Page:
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VFW Magazine October 2016 : Page-34

SIFTING THROUGH THE ASH VFW TO THE RESCUE VFW’s Department of California continues to lead aid efforts in the wake of one of the worst wildfires on record in Kern County. Posts from across the state have given support, and community members continue to help after the smoke cleared. B Y K ELLY G IBSON D 34  VFW ale Evans has lived in South Lake, Calif., for 40 years. Of the 200 people in his community, 40 of them are veterans. And on June 23, Evans and his family lost everything when a class-5 fire ravaged the area and decimated the town. “There’s nothing like this,” Evans remembers thinking when he saw the flames. “This is unreal. There was no grabbing keepsakes or important papers.” His son, who lived across the street, helped a neighbor escape her home. Meanwhile, Evans’ son’s fiancée hopped behind the wheel of her truck to drive  OCTOBER 2016 the family to safety. “She froze,” Evans recalled. “She was trying to go but she froze in fear.” The family rallied and caravanned down the street toward the highway. It only took six minutes from when they heard about the fire for Evans and 13 of his family members to lose everything. “In that time, our houses were burned,” Evans said. “Everything was black and at the very end of the street was some day-light, so we just drove toward it.” ABOVE: Little remained of homes in the path of a fire that swept through South Lake, Calif., in June, destroying some 300 homes and displacing nearly 40 veterans. Post 7665 in Lake Isabella, Calif., served as a command post for veterans affected by the blaze. includes South Lake, Bakersfield and Lake Isabella. The county is quiet and partially rural—a vacation destination for older folks and those who enjoy the tranquility of canyons, mountains and lakes. Bakersfield is the county seat, and it takes about a 50-mile drive through the canyon to reach Lake Isabella, a town of some 3,500 people. South Lake ‘EVERYTHING WAS ON FIRE’ Kern County, Calif., is located a three-hour drive north of Los Angeles. It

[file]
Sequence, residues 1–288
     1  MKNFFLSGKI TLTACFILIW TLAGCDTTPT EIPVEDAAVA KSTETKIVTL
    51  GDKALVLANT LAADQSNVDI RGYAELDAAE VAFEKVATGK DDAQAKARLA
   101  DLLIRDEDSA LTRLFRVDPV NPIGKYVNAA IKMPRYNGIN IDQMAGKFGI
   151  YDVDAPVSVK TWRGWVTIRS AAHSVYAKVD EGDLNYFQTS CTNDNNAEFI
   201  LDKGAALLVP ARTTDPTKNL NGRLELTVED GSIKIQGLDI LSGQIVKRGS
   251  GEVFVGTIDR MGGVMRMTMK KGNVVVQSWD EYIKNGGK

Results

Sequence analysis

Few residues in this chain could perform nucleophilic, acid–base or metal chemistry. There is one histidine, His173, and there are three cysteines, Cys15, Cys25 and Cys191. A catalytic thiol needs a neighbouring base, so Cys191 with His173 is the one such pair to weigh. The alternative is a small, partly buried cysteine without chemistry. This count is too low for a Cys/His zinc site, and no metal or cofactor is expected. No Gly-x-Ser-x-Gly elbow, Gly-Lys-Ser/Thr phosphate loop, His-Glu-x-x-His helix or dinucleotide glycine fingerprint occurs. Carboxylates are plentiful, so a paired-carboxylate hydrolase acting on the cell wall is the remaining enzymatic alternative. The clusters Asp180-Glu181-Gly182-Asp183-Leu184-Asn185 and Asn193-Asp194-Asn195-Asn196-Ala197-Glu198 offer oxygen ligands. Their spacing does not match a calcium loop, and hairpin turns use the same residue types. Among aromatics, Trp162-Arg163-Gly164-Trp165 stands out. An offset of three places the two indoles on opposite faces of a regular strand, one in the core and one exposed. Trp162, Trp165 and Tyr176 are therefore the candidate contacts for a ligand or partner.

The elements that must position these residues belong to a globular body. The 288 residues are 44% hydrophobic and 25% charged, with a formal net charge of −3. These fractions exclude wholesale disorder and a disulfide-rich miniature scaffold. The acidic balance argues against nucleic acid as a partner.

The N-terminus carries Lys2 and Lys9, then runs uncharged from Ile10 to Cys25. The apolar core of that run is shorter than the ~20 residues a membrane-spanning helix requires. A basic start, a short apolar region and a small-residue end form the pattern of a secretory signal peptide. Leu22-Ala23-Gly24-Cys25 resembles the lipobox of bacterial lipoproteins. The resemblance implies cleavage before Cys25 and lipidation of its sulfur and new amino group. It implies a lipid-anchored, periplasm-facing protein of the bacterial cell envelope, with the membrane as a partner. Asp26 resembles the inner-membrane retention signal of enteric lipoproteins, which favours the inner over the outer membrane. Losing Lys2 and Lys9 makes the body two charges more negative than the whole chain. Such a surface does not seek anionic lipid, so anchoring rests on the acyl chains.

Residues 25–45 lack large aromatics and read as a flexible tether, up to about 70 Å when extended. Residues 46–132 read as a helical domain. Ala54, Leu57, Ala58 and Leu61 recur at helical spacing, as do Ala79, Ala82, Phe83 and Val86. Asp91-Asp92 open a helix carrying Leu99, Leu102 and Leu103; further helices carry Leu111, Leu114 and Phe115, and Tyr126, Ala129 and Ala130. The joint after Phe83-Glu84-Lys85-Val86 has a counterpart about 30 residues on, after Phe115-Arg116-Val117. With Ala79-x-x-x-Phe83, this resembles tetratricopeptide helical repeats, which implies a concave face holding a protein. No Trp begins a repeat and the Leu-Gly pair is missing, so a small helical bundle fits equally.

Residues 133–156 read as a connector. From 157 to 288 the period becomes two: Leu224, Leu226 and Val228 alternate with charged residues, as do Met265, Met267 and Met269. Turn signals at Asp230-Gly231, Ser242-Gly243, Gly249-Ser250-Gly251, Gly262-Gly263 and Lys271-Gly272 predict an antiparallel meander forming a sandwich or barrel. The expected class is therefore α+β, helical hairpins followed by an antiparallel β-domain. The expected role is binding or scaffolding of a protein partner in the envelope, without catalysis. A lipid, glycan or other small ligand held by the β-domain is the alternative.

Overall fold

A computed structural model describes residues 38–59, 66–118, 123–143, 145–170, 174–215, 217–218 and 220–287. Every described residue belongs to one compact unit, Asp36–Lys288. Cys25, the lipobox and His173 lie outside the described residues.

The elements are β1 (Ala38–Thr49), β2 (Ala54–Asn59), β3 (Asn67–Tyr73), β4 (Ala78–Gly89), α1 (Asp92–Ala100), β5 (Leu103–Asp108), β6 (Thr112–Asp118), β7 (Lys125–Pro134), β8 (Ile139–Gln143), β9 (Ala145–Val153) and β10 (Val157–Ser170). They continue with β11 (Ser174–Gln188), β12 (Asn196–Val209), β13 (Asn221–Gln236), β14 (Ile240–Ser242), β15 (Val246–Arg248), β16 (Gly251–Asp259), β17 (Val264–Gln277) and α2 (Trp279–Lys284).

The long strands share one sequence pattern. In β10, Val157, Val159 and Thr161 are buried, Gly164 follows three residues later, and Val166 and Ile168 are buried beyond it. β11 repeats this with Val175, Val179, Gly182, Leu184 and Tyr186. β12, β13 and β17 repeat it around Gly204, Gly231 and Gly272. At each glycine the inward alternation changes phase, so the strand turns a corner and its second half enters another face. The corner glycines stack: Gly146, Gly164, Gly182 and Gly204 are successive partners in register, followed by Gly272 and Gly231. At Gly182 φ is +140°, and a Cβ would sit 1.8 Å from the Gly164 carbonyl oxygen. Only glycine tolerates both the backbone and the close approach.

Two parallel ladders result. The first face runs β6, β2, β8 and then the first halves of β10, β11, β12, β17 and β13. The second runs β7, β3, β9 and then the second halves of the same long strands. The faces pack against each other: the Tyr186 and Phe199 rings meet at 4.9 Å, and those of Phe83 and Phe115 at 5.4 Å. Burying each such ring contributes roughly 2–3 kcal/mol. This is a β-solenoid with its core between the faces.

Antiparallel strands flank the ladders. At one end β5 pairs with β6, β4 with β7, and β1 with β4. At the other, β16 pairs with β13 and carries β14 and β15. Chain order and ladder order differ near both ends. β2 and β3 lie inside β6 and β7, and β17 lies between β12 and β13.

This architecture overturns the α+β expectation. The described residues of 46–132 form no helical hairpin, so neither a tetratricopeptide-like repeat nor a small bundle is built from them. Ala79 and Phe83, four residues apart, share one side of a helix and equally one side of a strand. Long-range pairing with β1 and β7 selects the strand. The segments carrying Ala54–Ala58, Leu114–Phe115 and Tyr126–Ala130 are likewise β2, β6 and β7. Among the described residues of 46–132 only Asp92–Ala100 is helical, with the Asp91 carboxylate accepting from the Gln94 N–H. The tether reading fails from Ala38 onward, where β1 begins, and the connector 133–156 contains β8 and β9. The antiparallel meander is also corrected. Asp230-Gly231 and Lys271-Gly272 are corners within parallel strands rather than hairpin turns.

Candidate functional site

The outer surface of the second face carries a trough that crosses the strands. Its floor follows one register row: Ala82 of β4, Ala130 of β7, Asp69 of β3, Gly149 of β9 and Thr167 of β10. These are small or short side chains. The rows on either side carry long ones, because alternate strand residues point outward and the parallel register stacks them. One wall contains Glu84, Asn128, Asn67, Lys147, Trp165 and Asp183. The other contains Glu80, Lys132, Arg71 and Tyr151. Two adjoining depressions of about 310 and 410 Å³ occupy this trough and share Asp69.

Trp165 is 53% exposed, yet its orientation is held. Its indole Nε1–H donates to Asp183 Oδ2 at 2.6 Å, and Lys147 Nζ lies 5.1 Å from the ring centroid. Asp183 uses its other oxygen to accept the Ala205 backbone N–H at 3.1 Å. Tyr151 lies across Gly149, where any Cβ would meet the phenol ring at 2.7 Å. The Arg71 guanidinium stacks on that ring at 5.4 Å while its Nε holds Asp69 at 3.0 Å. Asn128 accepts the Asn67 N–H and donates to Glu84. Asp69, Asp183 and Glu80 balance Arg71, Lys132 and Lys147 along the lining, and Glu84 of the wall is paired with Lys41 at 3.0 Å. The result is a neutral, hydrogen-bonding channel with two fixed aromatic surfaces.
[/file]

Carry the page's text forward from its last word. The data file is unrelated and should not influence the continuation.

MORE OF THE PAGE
Sifting Through The Ash: VFW To The Rescue

Kelly Gibson

VFW’s Department of California continues to lead aid efforts in the wake of one of the worst wildfires on record in Kern County. Posts from across the state have given support, and community members continue to help after the smoke cleared.

Dale Evans has lived in South Lake, Calif., for 40 years. Of the 200 people in his community, 40 of them are veterans. And on June 23, Evans and his family lost everything when a class-5 fire ravaged the area and decimated the town.

“There’s nothing like this,” Evans remembers thinking when he saw the flames. “This is unreal. There was no grabbing keepsakes or important papers.” His son, who lived across the street, helped a neighbor escape her home.

Meanwhile, Evans’ son’s fiancée hopped behind the wheel of her truck to drive the family to safety. “She froze,” Evans recalled. “She was trying to go but she froze in fear.” The family rallied and caravanned down the street toward the highway.

It only took six minutes from when they heard about the fire for Evans and 13 of his family members to lose everything.

“In that time, our houses were burned,” Evans said. “Everything was black and at the very end of the street was some daylight, so we just drove toward it.”

‘EVERYTHING WAS ON FIRE’

Kern County, Calif., is located a threehour drive north of Los Angeles. It includes South Lake, Bakersfield and Lake Isabella. The county is quiet and partially rural—a vacation destination for older folks and those who enjoy the tranquility of canyons, mountains and lakes. Bakersfield is the county seat, and it takes about a 50-mile drive through the canyon to reach Lake Isabella, a town of some 3,500 people. South Lake is another 18-minute drive away.